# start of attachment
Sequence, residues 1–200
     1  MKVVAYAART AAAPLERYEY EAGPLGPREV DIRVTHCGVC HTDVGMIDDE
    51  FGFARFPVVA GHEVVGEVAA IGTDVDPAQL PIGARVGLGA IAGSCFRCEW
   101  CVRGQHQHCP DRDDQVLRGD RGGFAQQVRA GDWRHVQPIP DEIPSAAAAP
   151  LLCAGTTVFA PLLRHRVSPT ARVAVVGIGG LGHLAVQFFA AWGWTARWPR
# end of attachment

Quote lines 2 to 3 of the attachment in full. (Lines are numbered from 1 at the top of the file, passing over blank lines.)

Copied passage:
     1  MKVVAYAART AAAPLERYEY EAGPLGPREV DIRVTHCGVC HTDVGMIDDE
    51  FGFARFPVVA GHEVVGEVAA IGTDVDPAQL PIGARVGLGA IAGSCFRCEW